Sunday, 15 February 2015
Exhibit Hall (San Jose Convention Center)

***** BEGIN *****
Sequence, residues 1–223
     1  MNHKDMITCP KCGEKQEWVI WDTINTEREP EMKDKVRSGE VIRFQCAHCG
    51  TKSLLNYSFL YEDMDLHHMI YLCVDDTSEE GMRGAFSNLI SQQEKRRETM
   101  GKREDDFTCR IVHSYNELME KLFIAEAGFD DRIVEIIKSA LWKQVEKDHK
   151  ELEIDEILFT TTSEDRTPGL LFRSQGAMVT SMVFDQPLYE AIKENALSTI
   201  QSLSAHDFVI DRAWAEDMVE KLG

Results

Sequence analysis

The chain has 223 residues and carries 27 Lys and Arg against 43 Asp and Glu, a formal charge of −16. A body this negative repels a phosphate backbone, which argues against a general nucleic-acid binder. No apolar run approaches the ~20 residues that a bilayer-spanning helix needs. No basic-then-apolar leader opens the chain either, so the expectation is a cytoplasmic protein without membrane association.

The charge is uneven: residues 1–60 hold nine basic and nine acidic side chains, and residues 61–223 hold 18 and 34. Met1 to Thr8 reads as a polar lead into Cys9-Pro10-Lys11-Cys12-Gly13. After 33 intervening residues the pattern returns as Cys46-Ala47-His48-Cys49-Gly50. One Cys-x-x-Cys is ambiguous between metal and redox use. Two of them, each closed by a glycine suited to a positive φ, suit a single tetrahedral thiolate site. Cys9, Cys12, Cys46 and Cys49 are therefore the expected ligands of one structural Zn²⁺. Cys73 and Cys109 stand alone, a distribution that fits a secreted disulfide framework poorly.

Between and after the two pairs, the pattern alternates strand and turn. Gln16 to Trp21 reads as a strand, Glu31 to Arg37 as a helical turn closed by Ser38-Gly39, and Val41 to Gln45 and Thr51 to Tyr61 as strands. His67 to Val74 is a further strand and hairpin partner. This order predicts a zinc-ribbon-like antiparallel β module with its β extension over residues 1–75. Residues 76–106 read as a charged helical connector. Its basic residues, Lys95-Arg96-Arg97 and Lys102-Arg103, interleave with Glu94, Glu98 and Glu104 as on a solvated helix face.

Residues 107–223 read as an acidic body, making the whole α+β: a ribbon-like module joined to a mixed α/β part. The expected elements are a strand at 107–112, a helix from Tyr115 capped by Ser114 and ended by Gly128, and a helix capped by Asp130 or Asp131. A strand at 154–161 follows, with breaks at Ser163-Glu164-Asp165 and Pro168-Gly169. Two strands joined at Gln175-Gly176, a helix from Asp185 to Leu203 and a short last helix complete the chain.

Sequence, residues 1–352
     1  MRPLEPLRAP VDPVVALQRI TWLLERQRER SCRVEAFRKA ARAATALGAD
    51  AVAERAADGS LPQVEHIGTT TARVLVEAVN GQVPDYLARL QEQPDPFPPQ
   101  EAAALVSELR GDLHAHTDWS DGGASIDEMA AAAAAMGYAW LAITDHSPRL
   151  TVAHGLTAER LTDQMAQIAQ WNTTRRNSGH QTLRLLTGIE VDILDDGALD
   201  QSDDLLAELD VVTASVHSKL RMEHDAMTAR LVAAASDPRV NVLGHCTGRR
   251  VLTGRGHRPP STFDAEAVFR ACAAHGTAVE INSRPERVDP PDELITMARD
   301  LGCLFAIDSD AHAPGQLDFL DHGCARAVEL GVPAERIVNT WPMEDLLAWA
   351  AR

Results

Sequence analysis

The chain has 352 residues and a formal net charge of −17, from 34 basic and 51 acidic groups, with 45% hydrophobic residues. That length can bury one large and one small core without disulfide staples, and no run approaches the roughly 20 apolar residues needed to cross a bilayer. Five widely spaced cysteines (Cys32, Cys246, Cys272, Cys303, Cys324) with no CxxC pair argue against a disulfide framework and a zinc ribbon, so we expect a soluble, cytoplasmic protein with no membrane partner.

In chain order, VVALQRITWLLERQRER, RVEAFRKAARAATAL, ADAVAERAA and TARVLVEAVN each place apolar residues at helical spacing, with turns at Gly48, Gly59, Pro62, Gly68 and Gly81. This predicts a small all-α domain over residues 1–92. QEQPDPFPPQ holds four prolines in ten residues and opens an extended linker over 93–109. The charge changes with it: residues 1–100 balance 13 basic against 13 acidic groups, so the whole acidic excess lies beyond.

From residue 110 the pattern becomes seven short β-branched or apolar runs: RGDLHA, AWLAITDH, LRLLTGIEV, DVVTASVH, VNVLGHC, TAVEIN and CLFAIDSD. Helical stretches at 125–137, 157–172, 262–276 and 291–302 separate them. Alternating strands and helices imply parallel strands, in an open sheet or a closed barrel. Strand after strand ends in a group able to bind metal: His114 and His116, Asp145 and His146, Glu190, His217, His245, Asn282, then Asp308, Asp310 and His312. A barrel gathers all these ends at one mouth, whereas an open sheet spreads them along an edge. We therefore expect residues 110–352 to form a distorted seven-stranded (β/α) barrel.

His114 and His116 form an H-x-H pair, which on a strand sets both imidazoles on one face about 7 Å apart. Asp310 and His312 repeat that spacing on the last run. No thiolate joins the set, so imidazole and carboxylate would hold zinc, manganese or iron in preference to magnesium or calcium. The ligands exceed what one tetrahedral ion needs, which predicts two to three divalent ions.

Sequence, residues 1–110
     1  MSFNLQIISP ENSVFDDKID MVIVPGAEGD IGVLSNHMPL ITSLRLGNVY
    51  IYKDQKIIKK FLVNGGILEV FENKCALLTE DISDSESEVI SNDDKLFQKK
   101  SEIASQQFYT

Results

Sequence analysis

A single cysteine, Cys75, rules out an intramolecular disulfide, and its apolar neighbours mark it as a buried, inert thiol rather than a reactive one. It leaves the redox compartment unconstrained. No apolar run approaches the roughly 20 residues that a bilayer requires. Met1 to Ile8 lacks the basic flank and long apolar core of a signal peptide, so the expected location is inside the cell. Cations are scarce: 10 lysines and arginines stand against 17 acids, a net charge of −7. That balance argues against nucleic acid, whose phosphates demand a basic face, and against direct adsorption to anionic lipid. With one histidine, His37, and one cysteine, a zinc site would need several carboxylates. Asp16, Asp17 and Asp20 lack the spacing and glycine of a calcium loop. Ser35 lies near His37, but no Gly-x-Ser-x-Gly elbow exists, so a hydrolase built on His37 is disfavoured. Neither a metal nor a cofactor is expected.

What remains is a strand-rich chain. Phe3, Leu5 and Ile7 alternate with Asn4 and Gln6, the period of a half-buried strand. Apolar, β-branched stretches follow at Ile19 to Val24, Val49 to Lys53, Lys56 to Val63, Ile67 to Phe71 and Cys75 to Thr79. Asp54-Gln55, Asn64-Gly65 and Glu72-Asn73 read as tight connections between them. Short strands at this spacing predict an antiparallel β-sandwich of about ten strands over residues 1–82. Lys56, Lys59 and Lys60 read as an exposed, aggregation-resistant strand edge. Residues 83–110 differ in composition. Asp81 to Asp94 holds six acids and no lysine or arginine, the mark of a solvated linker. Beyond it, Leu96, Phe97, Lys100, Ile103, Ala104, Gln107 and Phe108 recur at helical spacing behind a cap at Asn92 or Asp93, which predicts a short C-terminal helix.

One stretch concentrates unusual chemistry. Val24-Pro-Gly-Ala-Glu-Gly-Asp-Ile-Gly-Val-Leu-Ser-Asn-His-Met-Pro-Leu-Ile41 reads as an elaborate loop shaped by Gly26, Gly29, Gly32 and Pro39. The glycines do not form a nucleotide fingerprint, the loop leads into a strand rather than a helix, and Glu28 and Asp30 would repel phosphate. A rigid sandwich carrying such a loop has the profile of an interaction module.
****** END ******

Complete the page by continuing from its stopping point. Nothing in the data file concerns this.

Background. The bone regeneration capability is established on the premise that progenitor cells, either engaged or carried to a damaged site, can restore lost or injured tissue. Osteoblasts use trifold assembly to layer and synchronize Ca2+ and P043- deposition. Simultaneous progress and refinement of bionanotechnology, in combination with the rising of nanomedicine, yields engaging new approaches as the use of biomaterials that support synthetic methods to engage bone generation. Methods. We developed and studied a new peptide amphiphile (Osseous-OB2). The healing and remineralization potentials of this bioactive amphiphile (0.5%) were assessed using topical application in skull fractures in adult rat models (n=30). We established two study groups; the first treated with Osseous-OB2, the second was the control group. Depending on the situations, we would use one-way repeated-measures ANOVAs. Results. One week after the Osseous-OB2 application, we sacrificed the animals and detected the facture closure in all the participants (n=15) in the first group. While in the second group (n=15), 87% of the specimen died (p=0,001). Conclusion. This biomaterial is the initial step to the potential solution of osseous decalcification problems; we demonstrate that this peptide sequence could be used for management of osteoporosis, fracture closures and genetic bone abnormalities.